This caused all the following events, mainly Friar Lawrence’s plan for Romeo to return to Verona to collect Juliet, so they could leave Verona together. But this plan went wrong, and as we know, it ended up unintentionally killing them instead. Because of this, we could blame Tybalt for their deaths. Although it seems Romeo was to blame for being banished, I see this as an attack of revenge, and not a regular fight. Benvolio thinks this too…”But by and by comes back to Romeo,Who had but newly entertained revenge” (iii.

i.173-174)In other words, Benvolio is saying that although it was a little harsh of Romeo to murder Tybalt (by entertaining revenge), it wasn’t an act of murder, because Tybalt had done exactly the same thing as Romeo, only he murdered Romeo’s best friend.I’m now going to talk about some other of the main characters who I think caused Romeo and Juliet’s death…Friar Lawrence: Although Friar Lawrence only directly influenced the deaths once; he does influence them quite a lot indirectly. He mainly acts upon what Romeo and Juliet are faced with, and tries to sort it out for them. For example, Friar Lawrence comes up with the plan for Juliet to pretend she’s died of grief, because of Tybalt’s (her cousin’s) death.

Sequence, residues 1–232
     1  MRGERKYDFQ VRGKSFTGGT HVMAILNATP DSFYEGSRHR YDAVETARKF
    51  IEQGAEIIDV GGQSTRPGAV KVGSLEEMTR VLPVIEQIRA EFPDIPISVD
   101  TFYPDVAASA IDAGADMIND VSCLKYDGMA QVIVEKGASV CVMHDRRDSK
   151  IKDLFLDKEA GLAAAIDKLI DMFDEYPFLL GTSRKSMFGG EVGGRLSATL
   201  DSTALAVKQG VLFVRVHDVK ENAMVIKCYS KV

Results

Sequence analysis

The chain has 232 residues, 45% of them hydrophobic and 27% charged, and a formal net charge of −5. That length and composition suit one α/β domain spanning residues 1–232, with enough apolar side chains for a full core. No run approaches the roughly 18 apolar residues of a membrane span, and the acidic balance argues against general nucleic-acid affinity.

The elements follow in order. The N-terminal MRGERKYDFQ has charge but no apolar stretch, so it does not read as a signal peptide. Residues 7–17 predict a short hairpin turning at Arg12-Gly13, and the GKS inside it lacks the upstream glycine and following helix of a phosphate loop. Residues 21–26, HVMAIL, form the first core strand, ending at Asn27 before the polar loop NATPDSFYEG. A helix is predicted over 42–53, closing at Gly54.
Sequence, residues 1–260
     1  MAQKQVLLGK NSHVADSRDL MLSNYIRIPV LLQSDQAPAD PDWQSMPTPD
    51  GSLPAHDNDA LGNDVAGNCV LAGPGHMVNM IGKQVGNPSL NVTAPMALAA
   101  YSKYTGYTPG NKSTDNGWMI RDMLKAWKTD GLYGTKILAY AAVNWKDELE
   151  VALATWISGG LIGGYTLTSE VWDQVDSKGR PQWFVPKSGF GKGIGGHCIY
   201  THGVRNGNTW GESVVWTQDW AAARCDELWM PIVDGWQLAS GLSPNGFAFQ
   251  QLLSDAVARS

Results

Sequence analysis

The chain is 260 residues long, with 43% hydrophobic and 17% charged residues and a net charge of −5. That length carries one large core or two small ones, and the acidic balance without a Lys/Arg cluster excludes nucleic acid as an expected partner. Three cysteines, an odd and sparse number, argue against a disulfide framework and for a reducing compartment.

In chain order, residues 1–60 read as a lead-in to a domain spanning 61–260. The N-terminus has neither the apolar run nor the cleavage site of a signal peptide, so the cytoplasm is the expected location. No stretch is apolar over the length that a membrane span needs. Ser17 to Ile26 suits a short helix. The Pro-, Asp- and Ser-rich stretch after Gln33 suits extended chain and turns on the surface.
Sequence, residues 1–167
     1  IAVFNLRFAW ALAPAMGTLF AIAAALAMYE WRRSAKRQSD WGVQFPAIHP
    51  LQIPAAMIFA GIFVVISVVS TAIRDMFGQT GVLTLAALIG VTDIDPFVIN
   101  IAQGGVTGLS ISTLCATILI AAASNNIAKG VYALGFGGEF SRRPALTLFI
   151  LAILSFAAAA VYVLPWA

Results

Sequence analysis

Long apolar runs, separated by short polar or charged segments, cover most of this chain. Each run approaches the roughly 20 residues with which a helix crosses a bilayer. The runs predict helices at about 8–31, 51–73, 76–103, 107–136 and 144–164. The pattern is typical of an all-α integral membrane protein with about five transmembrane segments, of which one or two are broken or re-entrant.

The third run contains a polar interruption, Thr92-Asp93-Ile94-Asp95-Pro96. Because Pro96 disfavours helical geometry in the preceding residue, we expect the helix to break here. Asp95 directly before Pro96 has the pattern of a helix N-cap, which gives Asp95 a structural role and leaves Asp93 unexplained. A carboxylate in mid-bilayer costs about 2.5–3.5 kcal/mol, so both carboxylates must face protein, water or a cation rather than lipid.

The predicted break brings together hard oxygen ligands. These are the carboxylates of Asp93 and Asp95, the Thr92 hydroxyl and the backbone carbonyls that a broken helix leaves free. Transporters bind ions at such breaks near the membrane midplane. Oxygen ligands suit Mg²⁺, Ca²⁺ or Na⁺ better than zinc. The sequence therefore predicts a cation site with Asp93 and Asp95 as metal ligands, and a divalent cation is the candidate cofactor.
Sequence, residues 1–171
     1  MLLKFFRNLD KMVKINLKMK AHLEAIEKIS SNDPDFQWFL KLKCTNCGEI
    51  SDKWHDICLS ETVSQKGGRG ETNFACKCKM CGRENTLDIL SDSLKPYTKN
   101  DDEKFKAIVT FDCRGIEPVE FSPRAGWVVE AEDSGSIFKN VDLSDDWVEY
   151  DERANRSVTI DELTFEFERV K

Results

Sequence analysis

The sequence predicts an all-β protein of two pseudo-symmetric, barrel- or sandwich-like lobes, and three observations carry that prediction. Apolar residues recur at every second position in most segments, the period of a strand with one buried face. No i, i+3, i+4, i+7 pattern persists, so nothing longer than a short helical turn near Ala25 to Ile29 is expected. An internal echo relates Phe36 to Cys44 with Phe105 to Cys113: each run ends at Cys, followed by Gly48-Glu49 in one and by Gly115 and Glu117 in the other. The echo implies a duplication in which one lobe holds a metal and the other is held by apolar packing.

“And, with wild looks, bid me devise some mean,To rid her from her second marriage” (v.iii.239-240)Here, Friar Lawrence is basically explaining that Juliet came to him for help, so she could get out of marrying the man her parents wanted her to marry (Paris). This is why Friar Lawrence accidentally created all this chaos.

.. just to be a helping hand to her.The only direct effect he had could have been the worst one he could have made – he married them. Although he wasn’t sure a marriage between them would work, providing the fact that they were still teenagers, and also providing the fact that their families feuded, he still married them, because “This alliance may so happy prove” (ii.iii.